With these alarming rates in mind, it’s important to speak with your children about how they can protect themselves on campus.
How You Can Help
There are a few ways you can help educate your child on how to prevent sexual assault in college.
- Talk about sexual assault prevention: Tell your child to be careful when eating or drinking in places where people may use date rape drugs. They should avoid walking alone at night by using a campus security escort or a rideshare service. Have a candid conversation about how alcohol increases risk, as at least half of all sexual assaults occur after alcohol is consumed. Consider also discussing bystander intervention with your child before sending them off to college.
- Research the college’s campus safety resources: Make your child aware of campus resources, such as security, emergency phones, and other safety-related services and how to access them.
- Research reporting procedures and campus responsibilities: In addition to reporting sexual assault to the police, college campuses have reporting procedures in place if the assault happened on campus or involved another student. The school will have responsibilities under Title IX to help the student feel safe as they continue their education and additional support resources like counseling or tutoring may also be available.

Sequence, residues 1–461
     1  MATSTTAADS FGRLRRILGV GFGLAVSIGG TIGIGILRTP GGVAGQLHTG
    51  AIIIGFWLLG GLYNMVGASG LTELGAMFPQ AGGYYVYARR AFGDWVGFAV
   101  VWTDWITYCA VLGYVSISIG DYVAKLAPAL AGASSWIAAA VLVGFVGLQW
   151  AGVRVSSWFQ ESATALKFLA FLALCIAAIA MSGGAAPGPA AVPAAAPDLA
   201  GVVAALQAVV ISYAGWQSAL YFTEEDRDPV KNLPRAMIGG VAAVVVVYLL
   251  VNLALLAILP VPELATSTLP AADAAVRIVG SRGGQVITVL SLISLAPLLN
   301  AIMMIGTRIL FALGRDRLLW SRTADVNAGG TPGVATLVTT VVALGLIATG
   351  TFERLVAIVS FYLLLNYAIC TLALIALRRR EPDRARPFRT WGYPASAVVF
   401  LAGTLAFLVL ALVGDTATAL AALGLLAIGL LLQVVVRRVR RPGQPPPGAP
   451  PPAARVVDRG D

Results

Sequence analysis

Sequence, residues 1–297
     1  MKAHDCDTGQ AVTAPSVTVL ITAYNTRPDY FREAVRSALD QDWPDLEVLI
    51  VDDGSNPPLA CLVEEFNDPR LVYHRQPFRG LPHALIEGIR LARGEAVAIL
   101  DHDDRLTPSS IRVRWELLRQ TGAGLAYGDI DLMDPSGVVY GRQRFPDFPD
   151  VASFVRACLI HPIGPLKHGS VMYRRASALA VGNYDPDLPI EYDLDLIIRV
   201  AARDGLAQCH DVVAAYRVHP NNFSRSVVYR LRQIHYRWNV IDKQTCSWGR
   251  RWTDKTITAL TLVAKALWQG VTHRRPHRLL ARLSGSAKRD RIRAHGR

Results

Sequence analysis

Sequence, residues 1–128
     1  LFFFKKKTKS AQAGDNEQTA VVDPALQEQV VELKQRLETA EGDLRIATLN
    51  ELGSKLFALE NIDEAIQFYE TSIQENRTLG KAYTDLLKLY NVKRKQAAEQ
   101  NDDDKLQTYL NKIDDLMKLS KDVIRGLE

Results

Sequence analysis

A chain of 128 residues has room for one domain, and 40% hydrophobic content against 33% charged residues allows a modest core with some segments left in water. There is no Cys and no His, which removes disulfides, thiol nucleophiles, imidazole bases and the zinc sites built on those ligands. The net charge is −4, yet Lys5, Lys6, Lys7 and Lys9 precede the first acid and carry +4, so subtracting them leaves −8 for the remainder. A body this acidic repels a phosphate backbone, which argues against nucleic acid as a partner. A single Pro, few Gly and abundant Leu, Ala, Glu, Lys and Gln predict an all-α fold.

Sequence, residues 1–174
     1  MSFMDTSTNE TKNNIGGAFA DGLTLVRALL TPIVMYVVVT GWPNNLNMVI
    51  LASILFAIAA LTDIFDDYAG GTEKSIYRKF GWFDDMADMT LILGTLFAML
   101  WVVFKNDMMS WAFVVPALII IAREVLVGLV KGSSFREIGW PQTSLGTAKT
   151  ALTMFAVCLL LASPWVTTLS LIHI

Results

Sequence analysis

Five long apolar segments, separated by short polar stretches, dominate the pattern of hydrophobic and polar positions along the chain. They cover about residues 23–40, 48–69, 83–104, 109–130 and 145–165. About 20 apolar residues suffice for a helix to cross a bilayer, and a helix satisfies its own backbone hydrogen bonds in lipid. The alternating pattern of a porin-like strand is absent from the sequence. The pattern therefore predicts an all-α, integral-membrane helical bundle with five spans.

- Research college treatment or recovery resources: Find out if the campus or nearby facilities offer resources for helping sexual assault victims.
Time Management and Stress
Though moving to college is exciting, it can also be very overwhelming. In college, mental health is very important to maintain. Freshmen students are suddenly independent and in a whole new environment — one where they must manage their time. It can be stressful, and college stress can lead to mental health issues such as depression, anxiety and other disorders.
How You Can Help
There are a few ways you can help this transition be much less overwhelming:
- Help your teen get organized: Being organized for college life can go a long way to set your new college student up for success. Help them create an organization system that allows them to plan, manage and maximize their time. Research and share college time management tips, like making a college checklist of what they’ll need when they leave or creating daily to-do lists. Being organized at college is important for removing stress and checklists will help them keep track of everything.